The church saw four of the five performances (including the premiere) of the St John Passion by Johann Sebastian Bach on Good Friday in 1724, 1728, 1732, and 1749 as well as many of his cantatas and oratorios performed by the Thomanerchor.
Leipzig Museum of Ethnography
The Leipzig Museum of Ethnography (German: Museum für Völkerkunde zu Leipzig) is a large ethnographic museum in Leipzig, Germany. Today it is part of the Grassi Museum, an institution which also includes the Museum of Applied Arts and the Museum of Musical Instruments, based in a large building on the Johannisplatz.
The museum traces its origins to the historian, librarian and court counsellor Gustav Klemm, whose cultural historical collection found a permanent home in the newly-founded museum in 1869, shortly after his death. At first it was provisionally kept in former chemical laboratories in Leipzig. The collection was expanded in the following decades, and exhibitions were held in various buildings across the city, organised by the Association of the Museum of Ethnography. In 1895 the collection moved into the Old Grassi Museum on the Königsplatz, built over three years specifically for this purpose, though now home to the municipal library. The city of Leipzig took over the museum in 1904. In 1929 it moved into the New Grassi Museum on the Johannisplatz, whose construction had begun in 1925.
Monument to the Battle of the Nations
The Monument to the Battle of the Nations (German: Völkerschlachtdenkmal) is a monument in Leipzig, Germany to the 1813 Battle of Leipzig, also known as the Battle of the Nations. Paid for mostly by donations and by the city of Leipzig, it was completed in 1913 for the 100th anniversary of the battle, at a cost of 6,000,000 Goldmark.
The monument commemorates Napoleon's defeat at Leipzig, a crucial step towards the end of hostilities in the War of the Sixth Coalition, which was seen as a victory for the German people, although Germany as we know it did not exist at that time. There were German-speakers fighting on both sides, as Napoleon's troops also included conscripted Germans from the French-occupied left bank of the Rhine as well as from the Confederation of the Rhine.
The structure is 91 metres tall. It contains over 500 steps to a viewing platform at the top, from which there are spectacular views across the city and environs. The structure makes extensive use of concrete, although the facings are of granite. The monument is widely regarded as one of the best examples of Wilhelmine architecture. It is said to stand on the spot of some of the bloodiest fighting, from where Napoleon ordered the retreat of his army.
Museum of Musical Instruments of the University of Leipzig
The Museum of Musical Instruments of the University of Leipzig (German: Museum für Musikinstrumente der Universität Leipzig) is a museum in Leipzig, Germany. It is located on Johannisplatz, near the city centre. The museum belongs to the University of Leipzig and is also part of the Grassi Museum, whose other members are the Museum of Ethnography and the Museum of Applied Arts.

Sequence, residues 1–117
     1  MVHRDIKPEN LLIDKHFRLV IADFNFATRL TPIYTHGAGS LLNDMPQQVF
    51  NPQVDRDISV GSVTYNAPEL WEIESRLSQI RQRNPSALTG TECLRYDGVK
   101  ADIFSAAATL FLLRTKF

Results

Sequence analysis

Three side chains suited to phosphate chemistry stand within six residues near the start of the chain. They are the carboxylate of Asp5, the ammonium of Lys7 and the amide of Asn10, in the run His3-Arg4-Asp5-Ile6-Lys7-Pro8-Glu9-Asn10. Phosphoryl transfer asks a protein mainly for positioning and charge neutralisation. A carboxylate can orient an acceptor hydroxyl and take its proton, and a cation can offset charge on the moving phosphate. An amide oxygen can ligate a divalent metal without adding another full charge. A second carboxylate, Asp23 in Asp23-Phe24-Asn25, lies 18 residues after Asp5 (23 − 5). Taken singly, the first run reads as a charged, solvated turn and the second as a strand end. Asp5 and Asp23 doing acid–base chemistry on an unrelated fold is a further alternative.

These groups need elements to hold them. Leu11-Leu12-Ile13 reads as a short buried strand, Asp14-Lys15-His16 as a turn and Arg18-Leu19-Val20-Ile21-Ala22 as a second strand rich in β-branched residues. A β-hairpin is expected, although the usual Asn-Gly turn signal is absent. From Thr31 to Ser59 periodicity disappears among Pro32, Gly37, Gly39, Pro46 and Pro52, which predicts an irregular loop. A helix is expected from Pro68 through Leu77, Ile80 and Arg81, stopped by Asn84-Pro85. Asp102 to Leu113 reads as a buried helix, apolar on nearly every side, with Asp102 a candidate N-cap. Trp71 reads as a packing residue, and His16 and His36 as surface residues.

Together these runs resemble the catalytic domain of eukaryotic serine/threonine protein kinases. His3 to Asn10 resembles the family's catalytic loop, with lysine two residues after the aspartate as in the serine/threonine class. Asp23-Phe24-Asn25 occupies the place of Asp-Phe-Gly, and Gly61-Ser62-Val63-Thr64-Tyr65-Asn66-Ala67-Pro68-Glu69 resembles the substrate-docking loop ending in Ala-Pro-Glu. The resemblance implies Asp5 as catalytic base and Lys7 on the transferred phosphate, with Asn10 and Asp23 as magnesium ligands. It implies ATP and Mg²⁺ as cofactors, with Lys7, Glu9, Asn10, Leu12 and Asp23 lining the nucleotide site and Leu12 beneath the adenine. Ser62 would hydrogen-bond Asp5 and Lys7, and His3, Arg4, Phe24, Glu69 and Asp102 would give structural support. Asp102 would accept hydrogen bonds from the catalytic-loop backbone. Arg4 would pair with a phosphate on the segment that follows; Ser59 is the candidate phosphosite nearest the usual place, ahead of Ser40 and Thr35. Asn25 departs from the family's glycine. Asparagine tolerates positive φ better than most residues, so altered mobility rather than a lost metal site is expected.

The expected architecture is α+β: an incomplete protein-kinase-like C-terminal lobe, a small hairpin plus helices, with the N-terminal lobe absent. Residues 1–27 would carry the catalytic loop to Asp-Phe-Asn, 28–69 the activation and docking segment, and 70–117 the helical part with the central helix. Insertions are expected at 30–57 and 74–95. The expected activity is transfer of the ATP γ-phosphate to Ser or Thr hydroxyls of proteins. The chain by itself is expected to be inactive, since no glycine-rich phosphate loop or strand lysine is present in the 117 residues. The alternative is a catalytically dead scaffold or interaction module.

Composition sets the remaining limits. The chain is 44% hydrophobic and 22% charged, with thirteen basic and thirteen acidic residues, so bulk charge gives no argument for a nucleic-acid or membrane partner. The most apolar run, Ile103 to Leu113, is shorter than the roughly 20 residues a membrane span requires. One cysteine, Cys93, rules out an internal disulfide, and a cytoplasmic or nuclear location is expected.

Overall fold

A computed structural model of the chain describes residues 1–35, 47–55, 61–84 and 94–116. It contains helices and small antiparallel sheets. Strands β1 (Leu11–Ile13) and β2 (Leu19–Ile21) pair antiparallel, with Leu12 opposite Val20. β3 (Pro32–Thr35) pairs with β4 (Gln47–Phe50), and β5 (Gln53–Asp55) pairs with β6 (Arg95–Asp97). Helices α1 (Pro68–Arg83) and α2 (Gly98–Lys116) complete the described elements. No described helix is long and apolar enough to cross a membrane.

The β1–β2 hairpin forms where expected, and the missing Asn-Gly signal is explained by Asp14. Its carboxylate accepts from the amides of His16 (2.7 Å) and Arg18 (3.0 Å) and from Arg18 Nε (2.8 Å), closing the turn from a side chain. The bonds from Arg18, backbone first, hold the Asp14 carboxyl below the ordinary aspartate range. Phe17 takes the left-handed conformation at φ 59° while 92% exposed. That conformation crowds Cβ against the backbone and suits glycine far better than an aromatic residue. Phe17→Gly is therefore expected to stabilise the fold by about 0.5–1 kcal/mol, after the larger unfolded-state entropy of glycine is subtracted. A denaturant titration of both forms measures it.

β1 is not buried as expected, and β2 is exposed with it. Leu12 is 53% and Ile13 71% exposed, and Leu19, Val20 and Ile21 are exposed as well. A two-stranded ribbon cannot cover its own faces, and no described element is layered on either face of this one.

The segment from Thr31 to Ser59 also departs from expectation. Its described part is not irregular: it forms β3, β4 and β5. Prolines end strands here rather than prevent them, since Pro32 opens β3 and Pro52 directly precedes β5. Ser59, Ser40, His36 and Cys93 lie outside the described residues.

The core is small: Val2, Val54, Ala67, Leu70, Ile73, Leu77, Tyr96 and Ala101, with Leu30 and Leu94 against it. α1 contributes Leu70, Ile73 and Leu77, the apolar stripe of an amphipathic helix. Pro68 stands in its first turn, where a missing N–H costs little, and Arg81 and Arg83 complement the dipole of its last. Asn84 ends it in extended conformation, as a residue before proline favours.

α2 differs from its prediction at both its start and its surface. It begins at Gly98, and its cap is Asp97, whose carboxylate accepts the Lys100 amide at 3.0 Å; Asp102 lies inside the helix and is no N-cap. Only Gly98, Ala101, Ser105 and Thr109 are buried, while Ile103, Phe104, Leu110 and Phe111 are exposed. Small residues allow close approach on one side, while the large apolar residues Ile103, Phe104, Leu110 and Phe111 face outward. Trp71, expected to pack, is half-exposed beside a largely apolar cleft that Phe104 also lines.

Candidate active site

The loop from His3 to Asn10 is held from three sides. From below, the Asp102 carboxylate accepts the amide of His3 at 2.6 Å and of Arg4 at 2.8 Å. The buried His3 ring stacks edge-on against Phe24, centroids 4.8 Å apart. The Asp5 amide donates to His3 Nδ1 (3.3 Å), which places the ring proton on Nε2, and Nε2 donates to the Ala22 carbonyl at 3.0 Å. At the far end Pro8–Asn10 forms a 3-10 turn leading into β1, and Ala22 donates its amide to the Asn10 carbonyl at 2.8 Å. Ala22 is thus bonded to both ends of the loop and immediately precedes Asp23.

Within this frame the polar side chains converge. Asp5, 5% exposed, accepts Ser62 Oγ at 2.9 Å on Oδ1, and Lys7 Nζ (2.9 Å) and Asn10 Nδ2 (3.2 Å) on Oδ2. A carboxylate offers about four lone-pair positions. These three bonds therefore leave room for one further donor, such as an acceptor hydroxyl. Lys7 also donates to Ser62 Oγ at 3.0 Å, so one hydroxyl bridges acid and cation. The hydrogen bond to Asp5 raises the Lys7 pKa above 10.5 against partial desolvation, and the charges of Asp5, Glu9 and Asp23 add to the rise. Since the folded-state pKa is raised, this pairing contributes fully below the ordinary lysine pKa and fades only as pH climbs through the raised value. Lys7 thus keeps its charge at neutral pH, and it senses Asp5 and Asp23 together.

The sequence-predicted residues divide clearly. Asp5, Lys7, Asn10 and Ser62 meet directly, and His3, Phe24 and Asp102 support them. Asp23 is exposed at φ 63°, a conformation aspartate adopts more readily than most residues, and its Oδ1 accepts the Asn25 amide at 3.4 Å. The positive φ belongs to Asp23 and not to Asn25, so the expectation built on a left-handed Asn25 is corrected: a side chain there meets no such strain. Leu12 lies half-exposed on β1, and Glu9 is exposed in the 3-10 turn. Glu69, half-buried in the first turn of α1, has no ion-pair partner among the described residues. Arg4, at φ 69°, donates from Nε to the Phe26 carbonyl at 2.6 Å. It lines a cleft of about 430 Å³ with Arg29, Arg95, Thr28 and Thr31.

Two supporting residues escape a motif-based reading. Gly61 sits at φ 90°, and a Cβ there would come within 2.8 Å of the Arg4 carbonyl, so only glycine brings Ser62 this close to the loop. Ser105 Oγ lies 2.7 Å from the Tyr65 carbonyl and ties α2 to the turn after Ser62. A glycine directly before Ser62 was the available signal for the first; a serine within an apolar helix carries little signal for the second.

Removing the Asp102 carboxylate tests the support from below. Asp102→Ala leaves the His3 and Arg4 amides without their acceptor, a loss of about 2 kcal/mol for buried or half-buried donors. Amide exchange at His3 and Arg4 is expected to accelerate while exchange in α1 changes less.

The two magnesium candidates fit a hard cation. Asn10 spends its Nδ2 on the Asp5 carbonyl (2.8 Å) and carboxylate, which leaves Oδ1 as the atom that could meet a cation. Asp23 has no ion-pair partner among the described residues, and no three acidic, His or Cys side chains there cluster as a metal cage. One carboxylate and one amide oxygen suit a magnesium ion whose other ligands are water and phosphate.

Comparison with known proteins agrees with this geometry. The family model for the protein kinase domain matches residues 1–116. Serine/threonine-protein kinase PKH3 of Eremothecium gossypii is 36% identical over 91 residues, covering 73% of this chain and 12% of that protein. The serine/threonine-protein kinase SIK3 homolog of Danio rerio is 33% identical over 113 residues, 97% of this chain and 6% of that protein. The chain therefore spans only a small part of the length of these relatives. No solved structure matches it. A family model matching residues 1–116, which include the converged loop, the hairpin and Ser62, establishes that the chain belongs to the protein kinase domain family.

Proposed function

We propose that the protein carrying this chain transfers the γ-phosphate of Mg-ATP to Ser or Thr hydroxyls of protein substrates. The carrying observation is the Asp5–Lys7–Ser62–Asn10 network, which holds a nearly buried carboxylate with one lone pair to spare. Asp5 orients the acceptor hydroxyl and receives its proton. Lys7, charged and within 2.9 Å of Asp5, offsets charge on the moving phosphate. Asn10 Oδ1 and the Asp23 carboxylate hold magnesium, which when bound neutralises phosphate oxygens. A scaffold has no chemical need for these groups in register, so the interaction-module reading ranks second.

It is one of the largest music instrument museums in Europe, alongside those of Brussels and of Paris. Its collection of around 10,000 objects includes valuable instruments from Europe and beyond, as well as music-related items from the Renaissance, the Baroque, and Bach's Leipzig period.
Gewandhaus is a concert hall in Leipzig, Germany, the home of the Leipzig Gewandhaus Orchestra. Today's hall is the third to bear this name; like the second, it is noted for its fine acoustics.
The first Gewandhaus was built in 1781 by architect Johann Carl Friedrich Dauthe.
The second opened on 11 December 1884, and was destroyed in the fire-bombings of World War II between 1943 and 1944.
The third Gewandhaus on Augustusplatz opened on 8 October 1981, two hundred years after the Leipzig Gewandhaus Orchestra moved into the original hall.
Museum of Antiquities of the University of Leipzig
The Museum of Antiquities of the University of Leipzig (German: Antikenmuseum der Universität Leipzig) is a collection of antiques in Leipzig, Germany.
Today the collection contains around 10,000 original objects, chief among them numerous black- and red-figure vases, as well as over 600 plaster casts. In addition to acting as an educational resource for students, the museum has been exhibiting its most important finds to the general public since 1844. Since 1994 the collection has been on display in the Alte Nikolaischule.
City-Hochhaus is 36-storey skyscraper in Leipzig, Germany. At 142 m (466 ft), it is the tallest multistory building in the city as well as the tallest in the former East Germany. The tower was designed by architect Hermann Henselmann in the shape of an open book, and built between 1968 and 1972. It followed Henselmann's idea to cap central places in cities with a prominent tower, such as the Jen-Tower in Jena and Fernsehturm in Berlin.
City-Hochhaus was originally part of the University of Leipzig campus at Augustusplatz, was sold by the state government of Saxony and is now owned by the U.S. investment bank Merrill Lynch. The building was completely renovated between 1999 and 2002, when it lost its aluminium sheathing which was replaced by grey granite. The offices are now rented to private tenants including the public broadcaster MDR, the European Energy Exchange and the Panorama restaurant. The roof is equipped with a viewing platform.
The building is nicknamed Weisheitszahn (English: wisdom tooth) by locals as due to its form or after its previous function as Uniriese (English: university giant).
Museum der bildenden Künste
The Museum der bildenden Künste (German: "Museum of Fine Arts") is a museum in Leipzig, Saxony, Germany. On 7,000 square meters of display area, 3,500 paintings, 1,000 sculptures and 60,000 graphical works are shown. It covers artworks from the Late Middle Ages to Modernity.
Today's collection includes approximately 3,500 paintings, 1,000 sculptures an